Just one last question:  Are you crazy?

Respect the Office

Let me get something off my chest.

Our President has endured some harsh criticism at home.  Some of it is justified, as it would be with any president.  Some of it is politics – people will say anything to get a vote these days.  Some of it is just cruel.

Recently, when the President landed at the G-20 Summit in China, the Chinese failed to have the airplane steps in place.  Then the President of the Philippines called our President the son of a wh—.

I vividly remember my Aunt Ouida saying, “Nobody talks about our family, but our family.”  It’s one thing to have a debate amongst ourselves; it is another to make unfounded accusations that others pick up.

There was a time, not so long ago, when we all understood that even if you didn’t respect the man in the office, you still respected the office.  As our culture has come to respect authority less, this too is eroding.

Here is our mistake:  We think no one is listening.  We assume it’s okay if we call our President names, but then we are surprised when abuse is heaped upon him overseas.

I think we need to respect the office.  Whether Democrat or Republican sits in the chair, I think we should honor the person who holds the office, who accepts the tremendous responsibility of leading our country and representing us to the rest of the world.

I have not agreed with everything President Obama has done.  I didn’t agree with everything George W. Bush did, or Bill Clinton, or George H.W. Bush, or Ronald Reagan, or Jimmy Carter, or Gerald Ford, or Richard Nixon, or Lyndon Johnson, or Dwight Eisenhower (Yes, I am that old).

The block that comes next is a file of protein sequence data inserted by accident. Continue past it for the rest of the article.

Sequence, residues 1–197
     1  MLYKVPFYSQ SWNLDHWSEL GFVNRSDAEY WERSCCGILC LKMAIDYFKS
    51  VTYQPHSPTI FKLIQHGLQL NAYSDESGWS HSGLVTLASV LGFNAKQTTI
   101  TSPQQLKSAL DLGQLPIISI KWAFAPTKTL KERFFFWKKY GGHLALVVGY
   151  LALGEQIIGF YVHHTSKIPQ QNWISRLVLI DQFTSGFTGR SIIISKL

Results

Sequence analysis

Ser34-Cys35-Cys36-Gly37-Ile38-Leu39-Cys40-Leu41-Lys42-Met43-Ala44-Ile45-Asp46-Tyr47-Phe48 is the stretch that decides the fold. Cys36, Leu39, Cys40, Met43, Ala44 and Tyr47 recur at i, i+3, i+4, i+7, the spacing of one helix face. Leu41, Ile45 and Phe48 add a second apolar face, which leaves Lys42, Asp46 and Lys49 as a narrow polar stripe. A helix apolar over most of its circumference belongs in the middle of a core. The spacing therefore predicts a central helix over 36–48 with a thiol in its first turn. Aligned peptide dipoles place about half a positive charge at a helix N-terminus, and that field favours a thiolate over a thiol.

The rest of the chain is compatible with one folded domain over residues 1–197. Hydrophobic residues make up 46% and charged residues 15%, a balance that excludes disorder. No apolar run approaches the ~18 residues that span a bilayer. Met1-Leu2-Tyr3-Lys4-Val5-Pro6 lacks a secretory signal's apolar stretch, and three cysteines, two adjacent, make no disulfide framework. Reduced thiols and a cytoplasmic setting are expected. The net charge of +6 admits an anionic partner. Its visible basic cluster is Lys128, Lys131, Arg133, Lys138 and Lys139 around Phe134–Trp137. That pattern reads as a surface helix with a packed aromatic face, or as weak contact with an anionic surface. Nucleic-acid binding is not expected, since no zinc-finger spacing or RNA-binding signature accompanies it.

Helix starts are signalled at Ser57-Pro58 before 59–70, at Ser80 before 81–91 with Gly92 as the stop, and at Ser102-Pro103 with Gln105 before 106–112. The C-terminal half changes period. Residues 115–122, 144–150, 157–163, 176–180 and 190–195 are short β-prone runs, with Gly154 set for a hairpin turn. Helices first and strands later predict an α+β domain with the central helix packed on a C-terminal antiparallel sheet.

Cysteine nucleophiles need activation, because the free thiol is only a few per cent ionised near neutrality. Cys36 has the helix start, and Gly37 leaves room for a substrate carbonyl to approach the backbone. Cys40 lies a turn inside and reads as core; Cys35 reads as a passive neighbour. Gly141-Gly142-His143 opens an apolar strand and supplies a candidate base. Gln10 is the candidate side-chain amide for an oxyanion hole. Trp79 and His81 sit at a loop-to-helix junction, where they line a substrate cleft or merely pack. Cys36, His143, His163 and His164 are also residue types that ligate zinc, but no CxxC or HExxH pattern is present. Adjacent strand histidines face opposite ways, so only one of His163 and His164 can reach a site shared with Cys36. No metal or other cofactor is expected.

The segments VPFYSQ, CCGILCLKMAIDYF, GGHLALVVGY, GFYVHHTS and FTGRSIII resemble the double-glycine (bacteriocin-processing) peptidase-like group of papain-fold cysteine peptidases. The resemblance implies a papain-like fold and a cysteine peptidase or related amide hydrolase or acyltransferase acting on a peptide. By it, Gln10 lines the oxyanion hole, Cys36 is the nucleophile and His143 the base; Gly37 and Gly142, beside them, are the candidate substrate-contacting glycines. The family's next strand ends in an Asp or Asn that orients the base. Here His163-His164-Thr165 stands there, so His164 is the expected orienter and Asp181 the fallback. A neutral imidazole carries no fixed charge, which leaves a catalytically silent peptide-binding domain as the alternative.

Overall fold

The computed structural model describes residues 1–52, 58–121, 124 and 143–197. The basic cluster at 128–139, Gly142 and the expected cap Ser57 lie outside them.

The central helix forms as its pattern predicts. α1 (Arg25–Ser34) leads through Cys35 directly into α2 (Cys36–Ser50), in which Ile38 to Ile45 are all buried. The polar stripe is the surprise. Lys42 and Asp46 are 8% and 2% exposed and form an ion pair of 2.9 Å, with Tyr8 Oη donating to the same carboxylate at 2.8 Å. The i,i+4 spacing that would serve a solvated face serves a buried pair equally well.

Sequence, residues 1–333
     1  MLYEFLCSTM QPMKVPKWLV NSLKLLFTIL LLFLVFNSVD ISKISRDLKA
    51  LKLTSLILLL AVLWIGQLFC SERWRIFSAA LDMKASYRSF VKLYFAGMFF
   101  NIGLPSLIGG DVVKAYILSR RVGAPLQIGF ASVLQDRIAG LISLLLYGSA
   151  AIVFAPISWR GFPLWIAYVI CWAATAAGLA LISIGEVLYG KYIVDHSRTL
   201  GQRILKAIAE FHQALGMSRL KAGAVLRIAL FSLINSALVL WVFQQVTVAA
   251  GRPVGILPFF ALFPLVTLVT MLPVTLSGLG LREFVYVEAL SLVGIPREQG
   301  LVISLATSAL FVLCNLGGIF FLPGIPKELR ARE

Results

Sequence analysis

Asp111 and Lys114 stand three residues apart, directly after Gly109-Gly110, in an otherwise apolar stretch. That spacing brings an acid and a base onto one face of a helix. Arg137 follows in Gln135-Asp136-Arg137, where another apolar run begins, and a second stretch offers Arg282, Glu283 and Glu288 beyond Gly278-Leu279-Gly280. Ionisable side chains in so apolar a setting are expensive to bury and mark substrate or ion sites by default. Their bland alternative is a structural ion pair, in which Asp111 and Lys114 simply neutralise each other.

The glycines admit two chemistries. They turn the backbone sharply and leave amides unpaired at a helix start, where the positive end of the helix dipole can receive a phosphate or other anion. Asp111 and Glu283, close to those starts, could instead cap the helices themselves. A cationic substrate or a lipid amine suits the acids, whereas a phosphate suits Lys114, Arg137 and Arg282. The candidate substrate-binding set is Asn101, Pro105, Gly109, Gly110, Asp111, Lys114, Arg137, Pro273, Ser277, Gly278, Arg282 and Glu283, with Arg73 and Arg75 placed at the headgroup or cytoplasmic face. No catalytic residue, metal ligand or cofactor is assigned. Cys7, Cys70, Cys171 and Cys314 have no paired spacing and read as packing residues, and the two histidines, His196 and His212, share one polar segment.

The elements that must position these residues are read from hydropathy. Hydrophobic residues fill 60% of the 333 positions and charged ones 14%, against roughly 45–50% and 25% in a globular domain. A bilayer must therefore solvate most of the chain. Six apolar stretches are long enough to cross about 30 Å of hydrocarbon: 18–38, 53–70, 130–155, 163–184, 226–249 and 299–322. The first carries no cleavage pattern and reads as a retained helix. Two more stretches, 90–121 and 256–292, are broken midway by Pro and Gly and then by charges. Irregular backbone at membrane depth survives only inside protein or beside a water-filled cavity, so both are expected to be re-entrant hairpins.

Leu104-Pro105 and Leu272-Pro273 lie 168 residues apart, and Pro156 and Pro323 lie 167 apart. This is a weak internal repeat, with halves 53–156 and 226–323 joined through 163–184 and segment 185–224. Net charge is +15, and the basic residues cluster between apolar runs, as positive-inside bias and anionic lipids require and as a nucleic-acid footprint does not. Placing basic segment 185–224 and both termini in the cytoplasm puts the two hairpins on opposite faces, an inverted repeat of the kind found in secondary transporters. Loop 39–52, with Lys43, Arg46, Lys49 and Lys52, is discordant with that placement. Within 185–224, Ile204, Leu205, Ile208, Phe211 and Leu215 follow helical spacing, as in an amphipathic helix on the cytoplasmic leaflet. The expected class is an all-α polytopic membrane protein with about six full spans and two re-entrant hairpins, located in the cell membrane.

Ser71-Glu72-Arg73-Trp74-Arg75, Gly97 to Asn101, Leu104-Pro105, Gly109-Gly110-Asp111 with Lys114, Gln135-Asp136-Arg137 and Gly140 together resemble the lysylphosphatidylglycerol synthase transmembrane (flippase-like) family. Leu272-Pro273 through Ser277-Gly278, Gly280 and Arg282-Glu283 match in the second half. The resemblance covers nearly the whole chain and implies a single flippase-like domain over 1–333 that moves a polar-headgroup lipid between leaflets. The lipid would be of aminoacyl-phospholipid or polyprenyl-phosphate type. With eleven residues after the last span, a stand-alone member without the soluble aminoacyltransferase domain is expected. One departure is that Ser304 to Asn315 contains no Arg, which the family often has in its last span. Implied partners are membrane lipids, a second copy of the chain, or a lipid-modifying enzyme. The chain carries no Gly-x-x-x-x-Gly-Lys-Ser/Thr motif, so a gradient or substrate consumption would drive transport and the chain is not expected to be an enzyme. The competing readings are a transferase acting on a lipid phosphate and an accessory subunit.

Being a casual student of history, I can point to unwise moves every president made, from Washington to Jackson, from Lincoln to Roosevelt (both of them).  Even my favorite, Harry Truman, said and did things that don’t look very smart in hindsight.

But I had the chance to shake Ronald Reagan and Jimmy Carter’s hand.  I said “Thank you sir” to both.

No matter who is elected in November, whether Hillary Clinton or Donald Trump,  I will still respect the office.  Because whoever sits in that chair, they must lead us.

Not only will I respect the office, I will pray for them.  That’s what Jesus tells me to do.  And I will love them, whether they are my neighbors or my enemies.  Jesus covered both.

Thanks for letting me get this off my chest.


Hit Upside the Head with the Big Stick of Reality…

Some of you have never heard the phrase “hit upside the head.”  I’m sorry you had such a deprived upbringing.  It is the equivalent of “being knocked upside the head,” or “having some sense knocked into you.”

If this is still unclear, the idea is some of us are so hard headed, so stubborn, so rebellious, the only way we will ever see the truth is when we face the hard realities of life.

There is something I call “the big stick of reality.”  It goes like this:  A man lives with a fantasy of leaving his wife to pursue some sexual fantasy.  In his mind, he sketches out a beautiful scenario that focuses on all his needs being met.  He takes steps to put his fantasy into motion.  He tells his wife he is leaving.  She does not receive the news calmly, as in his fantasy.  There is, in fact, a scene.  Soon his wife has a lawyer.  He must get one too (Someone once told me lawyer conference rooms were the place fantasies go to die).  He faces the reality of alimony and child support and jail.  He is being hit upside the head with the big stick of reality.

God does this.  His people, Israel, had a fantasy that they could worship God on the Sabbath, and live pretty much as they please Sunday through Friday.  God tried to warn them, but they wouldn’t listen.  So God sent an invading army, and the next thing you know, people are losing their homes, are carried into exile, and lose their national identity.  That is being hit upside the head with a big stick of reality.

Human beings have a tremendous capacity for denial.  God doesn’t want to use the big stick of reality.  He wants us to be drawn to His love and grace.  But we are stubborn.  So out comes the stick and we get the hit upside the head.